With the failure of Prop 13, California schools and lawmakers will likely try and find another way to fund needed school repairs and construction. But as of now, with many Californians having just avoided a large property tax hike, a new plan will likely not be in the immediate future.

Evan Symon
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20 thoughts on “The Failure of School Bond Proposition 13

  1. The state of California schools is deplorable. They have more money than they need and there results are pathetic. They are failing our kids with a poor education, bloated bureaucracy, and money is not the problem. Their work is lousy. Throw the unions out they are paying off the politicians with millions and millions.

    1. This government can’t be trusted to put the funds where we vote for them to go ! After the fact our representatives Chang the places thes taxes are spent look @ lottery , gas tax @ who know what others . Vote no on all taxes intill we have compident accounting of these funds !

  2. “I remind you, that may have Flint-like water in them.” (this is a flat out lie and if the water is “Flint like” this speaks to the water supplier not the school itself) Asbestos has no impact if you just leave it alone. Asbestos is in, insulation, glue for floor tile or the floor tile itself, or the bonding agent for plaster how is that an issue that prevents learning. There are schools far worse off that produce results and children are capable of learning. This is just an excuse to spend more money because that’s what the schools and the government love to do!

  3. Let’s review some recent school bond measures already authorized by voters: Prop. 1A in 1998 ($9.2 billion); Prop. 47 in 2002 ($13.05 billion); Prop. 55 in 2004 ($12.3 billion); Prop. 1D in 2006 ($10.4 billion); and Prop. 51 in 2016 ($9 billion). In addition to tens of billions of dollars in new debt, there’s a nearly equal amount owed in interest costs. And the lottery? It was sold to voters as a big step toward fully funding education. And what about Proposition 98 (1988), which mandates that at least 40% of the state’s general fund be spent on education? There is no excuse for even one classroom anywhere in the state of California still having unsafe conditions. Taxpayers and parents should demand to know which school buildings are unsafe and be provided proof.

    1. Besides being TOO MUCH and not needed, a bond measure like this is duplicative because so many of the local school districts have already passed their own huge bonds (also parcel taxes) for school construction fixes. The school bond pushers are basically trying to pass slush funds, and seem to be doing it more openly these days. But it looks like the public is catching on and is finally fed up. Even parents of children in public schools, who are usually the target of the most horrifying “toxic mold”-type propaganda, must be catching on and voting accordingly.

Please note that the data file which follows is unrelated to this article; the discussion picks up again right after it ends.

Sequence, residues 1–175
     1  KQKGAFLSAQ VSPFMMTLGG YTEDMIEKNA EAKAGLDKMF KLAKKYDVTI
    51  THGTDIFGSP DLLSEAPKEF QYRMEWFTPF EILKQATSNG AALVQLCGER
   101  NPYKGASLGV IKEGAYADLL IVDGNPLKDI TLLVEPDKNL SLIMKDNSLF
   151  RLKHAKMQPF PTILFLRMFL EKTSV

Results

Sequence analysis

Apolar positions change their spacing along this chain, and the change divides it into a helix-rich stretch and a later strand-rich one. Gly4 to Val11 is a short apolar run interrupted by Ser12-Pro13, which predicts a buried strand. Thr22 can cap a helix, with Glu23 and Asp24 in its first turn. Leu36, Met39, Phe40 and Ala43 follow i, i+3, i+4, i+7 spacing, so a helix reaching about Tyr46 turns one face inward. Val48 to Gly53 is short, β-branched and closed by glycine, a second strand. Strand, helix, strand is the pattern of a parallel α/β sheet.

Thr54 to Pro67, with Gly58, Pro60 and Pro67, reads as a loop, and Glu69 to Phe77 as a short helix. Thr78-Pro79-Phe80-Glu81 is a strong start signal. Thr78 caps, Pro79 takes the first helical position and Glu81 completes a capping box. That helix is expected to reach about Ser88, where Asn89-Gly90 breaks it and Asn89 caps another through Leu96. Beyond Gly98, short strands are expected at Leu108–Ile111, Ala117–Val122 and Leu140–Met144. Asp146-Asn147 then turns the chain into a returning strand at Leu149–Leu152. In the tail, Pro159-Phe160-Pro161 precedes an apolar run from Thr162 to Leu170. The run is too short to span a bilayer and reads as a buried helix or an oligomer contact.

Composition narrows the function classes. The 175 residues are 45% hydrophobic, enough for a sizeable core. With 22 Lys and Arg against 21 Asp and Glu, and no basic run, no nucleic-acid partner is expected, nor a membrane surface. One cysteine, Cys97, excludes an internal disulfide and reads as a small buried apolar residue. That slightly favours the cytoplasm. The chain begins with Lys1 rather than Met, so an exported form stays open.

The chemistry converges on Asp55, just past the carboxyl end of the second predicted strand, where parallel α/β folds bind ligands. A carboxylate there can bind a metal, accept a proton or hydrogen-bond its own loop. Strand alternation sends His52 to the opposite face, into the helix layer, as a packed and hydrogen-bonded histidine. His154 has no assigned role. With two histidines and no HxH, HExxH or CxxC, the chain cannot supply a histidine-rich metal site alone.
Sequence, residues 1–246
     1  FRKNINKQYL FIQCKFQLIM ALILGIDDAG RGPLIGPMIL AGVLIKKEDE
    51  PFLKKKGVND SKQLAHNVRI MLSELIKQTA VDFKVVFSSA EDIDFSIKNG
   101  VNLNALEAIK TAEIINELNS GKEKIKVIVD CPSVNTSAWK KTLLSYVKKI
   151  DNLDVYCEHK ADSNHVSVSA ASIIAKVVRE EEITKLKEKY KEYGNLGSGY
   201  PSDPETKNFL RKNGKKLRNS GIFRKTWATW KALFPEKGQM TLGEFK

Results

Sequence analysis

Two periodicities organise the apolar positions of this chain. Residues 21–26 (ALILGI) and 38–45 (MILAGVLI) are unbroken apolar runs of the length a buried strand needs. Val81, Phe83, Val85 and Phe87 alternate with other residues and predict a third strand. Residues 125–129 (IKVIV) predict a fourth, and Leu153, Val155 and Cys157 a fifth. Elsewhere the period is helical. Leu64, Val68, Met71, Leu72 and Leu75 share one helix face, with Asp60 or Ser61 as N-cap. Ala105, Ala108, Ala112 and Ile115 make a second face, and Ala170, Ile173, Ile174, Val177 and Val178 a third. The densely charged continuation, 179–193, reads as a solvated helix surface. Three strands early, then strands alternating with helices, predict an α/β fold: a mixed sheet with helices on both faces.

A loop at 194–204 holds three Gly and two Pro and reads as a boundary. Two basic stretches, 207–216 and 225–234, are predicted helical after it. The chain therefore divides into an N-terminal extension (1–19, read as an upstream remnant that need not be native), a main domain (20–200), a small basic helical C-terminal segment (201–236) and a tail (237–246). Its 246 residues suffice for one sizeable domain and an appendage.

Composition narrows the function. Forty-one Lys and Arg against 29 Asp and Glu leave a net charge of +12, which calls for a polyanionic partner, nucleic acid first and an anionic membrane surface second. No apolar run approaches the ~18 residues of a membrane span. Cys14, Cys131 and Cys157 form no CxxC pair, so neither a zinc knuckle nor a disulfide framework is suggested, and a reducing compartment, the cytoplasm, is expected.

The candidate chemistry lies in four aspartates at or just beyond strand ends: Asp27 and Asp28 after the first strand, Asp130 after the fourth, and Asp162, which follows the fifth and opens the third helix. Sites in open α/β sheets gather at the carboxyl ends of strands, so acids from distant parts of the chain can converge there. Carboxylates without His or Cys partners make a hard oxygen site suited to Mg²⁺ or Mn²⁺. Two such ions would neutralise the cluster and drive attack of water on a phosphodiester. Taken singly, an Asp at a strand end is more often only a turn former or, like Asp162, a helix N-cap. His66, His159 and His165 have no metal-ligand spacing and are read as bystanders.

4. Gavin Newsom was part of a school bond pyramid scheme in San Francisco that collapsed in 2004. Look up the 1997 SFUSD bond issue and the $40 Million that disappeared and was cleaned up by the City Services Auditor. Incidentally, the funds were being investigated by clean-up artist Robert Mueller in a raid on Tim Tronson by the FBI. Two days before Kelly Trinh, assistant to the schools chief (Rojas), was to be questioned, his assistant was murdered in a motorcycle accident on Highway 17 when she was run off the road by Hells Angels (a Mueller connection!!!). We now know that Willie Brown supported Mueller for his FBI director nomination – and this was the case he broke off in exchange for Brown’s support. It was Brown who appointed Newsom to the SFBOS and it was Newsom who championed the “clean up” of whatever happened to the bond funds while on the board by creating an auditor position who worked for the controller whom Newsom appointed.

  5. Finally! Bruised, battered, and overtaxed Californians are hopefully starting to wake up in numbers. The State has become a tax monster. Time to start scaling it all back…

    1. True, I hope they stay awake and vote some of the taxes we currently have out!! What ever happen to all that surplus?

  6. I worked For two schools High school and grammar for ten years as custodian and maint. I saw million dollar football and swimming pool projects which is used by a few. The classrooms were falling apart and teachers got raises and aids to help them. The Cal-Pers is very generous. A few years back Then moonbeam announced tens of millionsof dollars to the schools for upkeeps and let the schools decide what to do with the money. Every cent went to benefits and salaries. The schools can’t paint a wall without trying to pass a bond…